Covid-19 Variant in Brazil Overwhelms Local Hospitals, Hits Younger Patients


SÃO PAULO—Researchers and doctors are sounding the alarm over a new, more aggressive coronavirus strain from the Amazon area of Brazil, which they believe is responsible for a recent rise in deaths, as well as infections in younger people, in parts of South America.

Brazil’s daily death toll from the disease rose to its highest level yet this week, pushing the country’s total number of Covid-19 fatalities past a quarter of a million. On Tuesday, Brazil reported a record 1,641 Covid fatalities. Neighbor Peru is struggling to curb a second wave of infections.


Should the world community do more to distribute vaccines to poorer countries? Join the conversation below.

The new variant, known as P.1, is 1.4 to 2.2 times more contagious than versions of the virus previously found in Brazil, and 25% to 61% more capable of reinfecting people who had been infected by an earlier strain, according to a study released Tuesday.

With mass vaccination a long way off across the region, countries such as Brazil risk becoming a breeding ground for potent versions of the virus that could render current Covid-19 vaccines less effective, public-health specialists warned.

A more prolonged pandemic could also devastate the economies of countries such as Brazil, slowing growth and expanding the country’s already large debt pile as the government extends payouts to the poor, economists said.

“We’re facing a dramatic situation here—the health systems of many states in Brazil are already in collapse and others will be in the next few days,” said Eliseu Waldman, an epidemiologist at the University of São Paulo.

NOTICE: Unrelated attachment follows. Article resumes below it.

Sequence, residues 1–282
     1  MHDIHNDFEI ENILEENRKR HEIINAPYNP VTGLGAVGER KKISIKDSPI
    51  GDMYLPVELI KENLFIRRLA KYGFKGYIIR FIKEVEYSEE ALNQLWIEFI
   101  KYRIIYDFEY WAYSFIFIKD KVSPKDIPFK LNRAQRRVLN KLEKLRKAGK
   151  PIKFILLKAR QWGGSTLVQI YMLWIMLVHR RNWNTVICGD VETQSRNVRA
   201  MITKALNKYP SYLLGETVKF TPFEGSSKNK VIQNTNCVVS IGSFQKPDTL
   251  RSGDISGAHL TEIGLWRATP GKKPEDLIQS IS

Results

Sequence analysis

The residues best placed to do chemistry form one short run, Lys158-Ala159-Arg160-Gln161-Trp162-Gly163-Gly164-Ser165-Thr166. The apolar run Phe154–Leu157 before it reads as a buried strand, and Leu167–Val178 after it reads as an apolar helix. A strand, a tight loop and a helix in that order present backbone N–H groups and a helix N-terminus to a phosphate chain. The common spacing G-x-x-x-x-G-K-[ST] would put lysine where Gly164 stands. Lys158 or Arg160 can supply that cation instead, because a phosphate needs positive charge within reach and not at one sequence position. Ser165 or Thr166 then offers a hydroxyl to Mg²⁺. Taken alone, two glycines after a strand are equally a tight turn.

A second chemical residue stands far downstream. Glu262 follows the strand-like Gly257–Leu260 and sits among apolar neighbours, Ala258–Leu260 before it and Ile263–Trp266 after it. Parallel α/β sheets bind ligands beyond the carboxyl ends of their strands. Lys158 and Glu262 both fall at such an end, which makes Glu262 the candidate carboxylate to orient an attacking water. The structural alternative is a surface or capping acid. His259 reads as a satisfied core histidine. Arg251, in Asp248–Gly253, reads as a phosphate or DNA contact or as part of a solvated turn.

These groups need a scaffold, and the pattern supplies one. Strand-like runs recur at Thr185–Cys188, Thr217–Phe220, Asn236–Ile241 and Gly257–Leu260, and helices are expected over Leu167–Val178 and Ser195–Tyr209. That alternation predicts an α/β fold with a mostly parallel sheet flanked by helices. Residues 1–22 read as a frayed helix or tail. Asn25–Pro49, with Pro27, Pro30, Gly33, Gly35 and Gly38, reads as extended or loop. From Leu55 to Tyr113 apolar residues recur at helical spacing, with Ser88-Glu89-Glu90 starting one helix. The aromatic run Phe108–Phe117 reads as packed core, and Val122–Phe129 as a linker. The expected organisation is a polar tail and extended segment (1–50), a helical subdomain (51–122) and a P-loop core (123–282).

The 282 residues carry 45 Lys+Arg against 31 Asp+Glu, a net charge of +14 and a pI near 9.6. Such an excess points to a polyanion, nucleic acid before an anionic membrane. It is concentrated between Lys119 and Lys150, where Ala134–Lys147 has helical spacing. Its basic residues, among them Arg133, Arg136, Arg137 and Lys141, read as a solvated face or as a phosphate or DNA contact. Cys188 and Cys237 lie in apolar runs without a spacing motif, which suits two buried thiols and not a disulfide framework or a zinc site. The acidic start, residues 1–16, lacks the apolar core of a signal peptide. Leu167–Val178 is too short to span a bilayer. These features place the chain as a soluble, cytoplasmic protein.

Healthcare workers checked arrivals at a field hospital in Manaus, Brazil, on Feb. 11.


raphael alves/EPA-EFE/Shutterstock

Several doctors have reported a surge in younger patients in their Covid-19 wards, many in their 30s and 40s with no underlying health problems. In Peru, some doctors said patients are becoming seriously ill faster, just three or four days after the first symptoms emerged, compared with an average of nine to 14 days last year.

“The virus is behaving differently,” said Rosa Lopez, a doctor in the intensive-care unit at Lima’s Guillermo Almenara Irigoyen Hospital. “It’s really aggressive…the situation is very difficult, really terrible.”

The Amazonian strain, P.1, emerged in the Brazilian city of Manaus late last year and quickly caught the attention of Brazilian and international scientists who raced to map its spread. The variant’s large number of mutations to the spike protein, which helps the virus penetrate cells, have caused particular concern.

“We’re in the worst moment. I wouldn’t be surprised if P.1 is all over Brazil by now,” said Felipe Naveca, a researcher at the Oswaldo Cruz Foundation who has studied the new strain. He estimated that Brazil is already home to hundreds of new Covid-19 variants, although P.1. is the most worrying so far, he said.

However, researchers are still at a loss as to why more young people appear to be falling ill and if P.1 is more deadly, or just more contagious.

“The recent epidemic in Manaus has strained the city’s healthcare system, leading to inadequate access to medical care,” wrote the authors of the P.1 study, which was led by Nuno Faria, a professor of virus evolution at Oxford University and Imperial College London.

People waited to refill empty oxygen cylinders on the southern outskirts of Lima, Peru, on Feb. 25.


ernesto benavides/Agence France-Presse/Getty Images

“We therefore cannot determine whether the estimated increase in relative mortality risk is due to P.1 infection, stresses on the Manaus healthcare system, or both,” they wrote.

A study led by Mr. Naveca released last week showed that in some cases the P.1 strain carried a viral load about 10 times…

Read More:Covid-19 Variant in Brazil Overwhelms Local Hospitals, Hits Younger Patients

Notify of
Inline Feedbacks
View all comments

Get more stuff like this
in your inbox

Subscribe to our mailing list and get interesting stuff and updates to your email inbox.

Thank you for subscribing.

Something went wrong.